Submit your monthly tax returns
If you don’t file your tax return each month, HM Revenue & Customs (HMRC) will fine you up to £3,000 per month. If you’re late filing, HMRC will charge interest on the amount owed. You’ll also be charged penalties and fines.
There’s no excuse for missing out on filing your tax return. But if you do miss it, make sure you know what happens next. Here’s everything you need to know about filing your monthly returns.
1. What do I need to file my monthly return?
You must complete Form 1040/1040A and attach the relevant supporting documents. These include:
* A statement showing how much income you had during the previous 12 months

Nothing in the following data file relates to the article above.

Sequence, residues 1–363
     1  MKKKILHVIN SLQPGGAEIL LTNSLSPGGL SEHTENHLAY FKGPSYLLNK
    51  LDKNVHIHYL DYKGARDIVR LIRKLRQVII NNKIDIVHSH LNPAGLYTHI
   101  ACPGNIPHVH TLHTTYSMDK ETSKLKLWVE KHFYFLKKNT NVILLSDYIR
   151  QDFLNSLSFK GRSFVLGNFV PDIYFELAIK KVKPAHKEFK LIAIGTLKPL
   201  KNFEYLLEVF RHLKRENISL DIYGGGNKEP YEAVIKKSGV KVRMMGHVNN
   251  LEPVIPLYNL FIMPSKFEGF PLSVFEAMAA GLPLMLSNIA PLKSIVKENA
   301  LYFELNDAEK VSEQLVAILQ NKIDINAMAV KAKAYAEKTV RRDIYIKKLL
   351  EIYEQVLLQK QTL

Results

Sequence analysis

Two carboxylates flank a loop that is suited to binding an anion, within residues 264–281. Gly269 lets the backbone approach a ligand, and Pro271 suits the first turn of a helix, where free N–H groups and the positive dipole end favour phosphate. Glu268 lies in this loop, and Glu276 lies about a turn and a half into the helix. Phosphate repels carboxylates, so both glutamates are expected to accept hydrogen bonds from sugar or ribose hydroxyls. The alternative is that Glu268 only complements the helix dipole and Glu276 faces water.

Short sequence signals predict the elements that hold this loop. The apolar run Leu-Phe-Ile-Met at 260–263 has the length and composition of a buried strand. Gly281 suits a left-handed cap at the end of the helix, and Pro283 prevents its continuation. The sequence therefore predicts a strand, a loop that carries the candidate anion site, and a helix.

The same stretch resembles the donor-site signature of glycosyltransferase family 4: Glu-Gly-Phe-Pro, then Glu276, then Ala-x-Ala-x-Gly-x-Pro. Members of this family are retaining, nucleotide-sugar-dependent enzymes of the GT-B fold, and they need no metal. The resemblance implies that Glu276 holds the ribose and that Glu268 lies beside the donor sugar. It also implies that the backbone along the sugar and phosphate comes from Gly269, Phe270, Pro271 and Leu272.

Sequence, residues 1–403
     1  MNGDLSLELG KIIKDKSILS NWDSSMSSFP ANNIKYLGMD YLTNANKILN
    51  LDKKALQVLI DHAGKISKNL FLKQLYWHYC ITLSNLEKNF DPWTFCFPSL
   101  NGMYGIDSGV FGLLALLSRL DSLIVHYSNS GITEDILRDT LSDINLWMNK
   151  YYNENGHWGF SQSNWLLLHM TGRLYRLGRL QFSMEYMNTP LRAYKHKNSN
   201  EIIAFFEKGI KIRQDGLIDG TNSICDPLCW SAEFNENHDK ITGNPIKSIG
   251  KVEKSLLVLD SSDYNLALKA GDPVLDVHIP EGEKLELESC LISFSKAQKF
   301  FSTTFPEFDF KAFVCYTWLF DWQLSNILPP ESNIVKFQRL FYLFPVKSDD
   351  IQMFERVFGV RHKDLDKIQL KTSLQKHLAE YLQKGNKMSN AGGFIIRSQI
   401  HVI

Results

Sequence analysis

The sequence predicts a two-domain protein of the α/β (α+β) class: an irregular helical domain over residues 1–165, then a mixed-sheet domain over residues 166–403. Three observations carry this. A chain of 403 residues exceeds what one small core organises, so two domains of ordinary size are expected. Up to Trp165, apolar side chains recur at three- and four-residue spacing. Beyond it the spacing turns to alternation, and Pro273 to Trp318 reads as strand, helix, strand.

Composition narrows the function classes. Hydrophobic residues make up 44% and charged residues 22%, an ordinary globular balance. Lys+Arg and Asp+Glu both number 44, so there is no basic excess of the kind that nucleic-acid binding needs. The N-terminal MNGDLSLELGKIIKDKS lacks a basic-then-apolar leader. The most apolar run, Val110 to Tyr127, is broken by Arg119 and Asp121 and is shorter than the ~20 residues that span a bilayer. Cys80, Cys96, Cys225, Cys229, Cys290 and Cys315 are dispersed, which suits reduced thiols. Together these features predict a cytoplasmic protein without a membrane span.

* Details of your expenses
* Any deductions you claim
If you made no payments
Inactivity requests last for six months
You don’t have to pay VAT if you haven’t been paying it
You need to tell HM Revenue & Customs if you stop using subcontracting firms or start using them again – even if you’ve already paid them
Using commercial CIS software
HM Revenue & Customs (HMRC) are looking into whether businesses are using commercial information systems (CIS) to avoid paying tax. They say they’ve noticed a rise in the number of firms claiming to use such software – but they don’t think it’s legitimate. “We are aware of some companies using CIS software to claim expenses,” says Simon Gittins, head of compliance at HMRC. “This is something we take very seriously.”